The move, decided by Caja leaders Dec. 21, 2006, came in response to a Sept. 23 ruling by the Sala IV ordering the Caja to establish a “National Liver Transplant Program for Adults in a stable, permanent, efficient and continual manner,” according to an internal Caja letter provided by Porras. The ruling was the latest in a series of court decisions marking a battle by the liver transplant patients and those in charge of the center to improve services.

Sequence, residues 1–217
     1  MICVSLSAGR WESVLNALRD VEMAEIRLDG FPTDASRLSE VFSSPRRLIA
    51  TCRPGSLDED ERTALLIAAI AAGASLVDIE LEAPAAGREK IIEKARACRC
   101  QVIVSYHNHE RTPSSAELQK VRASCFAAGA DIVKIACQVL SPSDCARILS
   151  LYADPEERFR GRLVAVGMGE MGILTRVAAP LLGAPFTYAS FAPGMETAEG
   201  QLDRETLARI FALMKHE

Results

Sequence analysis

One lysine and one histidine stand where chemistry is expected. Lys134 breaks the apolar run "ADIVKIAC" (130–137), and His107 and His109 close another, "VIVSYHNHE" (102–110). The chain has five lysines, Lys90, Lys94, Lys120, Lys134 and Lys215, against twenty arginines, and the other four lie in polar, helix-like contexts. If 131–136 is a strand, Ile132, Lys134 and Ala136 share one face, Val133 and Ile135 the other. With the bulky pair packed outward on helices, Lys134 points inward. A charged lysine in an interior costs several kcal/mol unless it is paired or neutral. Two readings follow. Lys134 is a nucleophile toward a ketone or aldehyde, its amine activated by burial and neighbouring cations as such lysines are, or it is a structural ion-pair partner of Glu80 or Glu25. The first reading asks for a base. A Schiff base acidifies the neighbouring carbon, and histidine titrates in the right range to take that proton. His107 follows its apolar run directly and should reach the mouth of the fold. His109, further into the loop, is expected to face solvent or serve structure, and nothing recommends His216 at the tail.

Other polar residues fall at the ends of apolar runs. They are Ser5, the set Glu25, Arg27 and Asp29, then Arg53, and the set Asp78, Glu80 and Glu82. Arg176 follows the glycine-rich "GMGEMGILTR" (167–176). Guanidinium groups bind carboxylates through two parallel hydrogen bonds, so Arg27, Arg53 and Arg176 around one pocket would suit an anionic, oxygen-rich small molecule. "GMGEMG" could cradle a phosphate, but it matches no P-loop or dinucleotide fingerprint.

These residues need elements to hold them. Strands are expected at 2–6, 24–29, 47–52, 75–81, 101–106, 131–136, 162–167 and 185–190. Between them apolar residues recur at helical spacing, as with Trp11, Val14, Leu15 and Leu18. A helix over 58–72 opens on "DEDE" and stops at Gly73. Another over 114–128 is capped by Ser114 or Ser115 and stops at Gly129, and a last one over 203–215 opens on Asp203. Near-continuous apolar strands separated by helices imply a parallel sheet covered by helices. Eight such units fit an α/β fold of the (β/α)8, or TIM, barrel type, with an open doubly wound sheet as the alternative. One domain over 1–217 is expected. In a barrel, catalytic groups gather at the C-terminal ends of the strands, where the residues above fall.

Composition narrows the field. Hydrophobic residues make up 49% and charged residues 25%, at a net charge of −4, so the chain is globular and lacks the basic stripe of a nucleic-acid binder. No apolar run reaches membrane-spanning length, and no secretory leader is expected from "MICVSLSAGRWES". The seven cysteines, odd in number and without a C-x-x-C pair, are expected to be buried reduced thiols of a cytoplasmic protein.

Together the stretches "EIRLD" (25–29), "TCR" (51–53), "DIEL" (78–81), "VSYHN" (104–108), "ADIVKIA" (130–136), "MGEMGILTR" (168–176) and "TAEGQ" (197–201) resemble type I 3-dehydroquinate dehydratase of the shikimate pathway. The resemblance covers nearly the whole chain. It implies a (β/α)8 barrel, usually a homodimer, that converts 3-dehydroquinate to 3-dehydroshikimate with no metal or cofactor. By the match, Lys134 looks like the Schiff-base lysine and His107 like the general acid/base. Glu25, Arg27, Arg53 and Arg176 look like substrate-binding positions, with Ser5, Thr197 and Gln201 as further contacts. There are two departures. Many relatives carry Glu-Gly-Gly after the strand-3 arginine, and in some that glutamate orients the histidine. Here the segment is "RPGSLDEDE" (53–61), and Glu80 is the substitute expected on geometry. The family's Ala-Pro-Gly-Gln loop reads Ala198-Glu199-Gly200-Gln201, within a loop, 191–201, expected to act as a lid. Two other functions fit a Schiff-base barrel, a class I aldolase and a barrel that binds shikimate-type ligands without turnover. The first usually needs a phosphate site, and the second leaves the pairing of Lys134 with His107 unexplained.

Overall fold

With administrative offices in the San Juan de Dios Hospital, the center’s doctors have been performing transplants and related surgeries, as well as exams, at the National Children’s Hospital, several hundred meters west of San Juan de Dios along San José’s choked central avenue, Paseo Colón. The Children’s Hospital has only two beds dedicated to the center, and adult patients are transferred to San Juan de Dios for post-operational care, and occasionally for the actual surgeries. According to the Sala IV, as well as those involved with the center, these fractured services are inadequate – though the patients and representatives raved about the skill, professionalism and dedication of the center’s staff.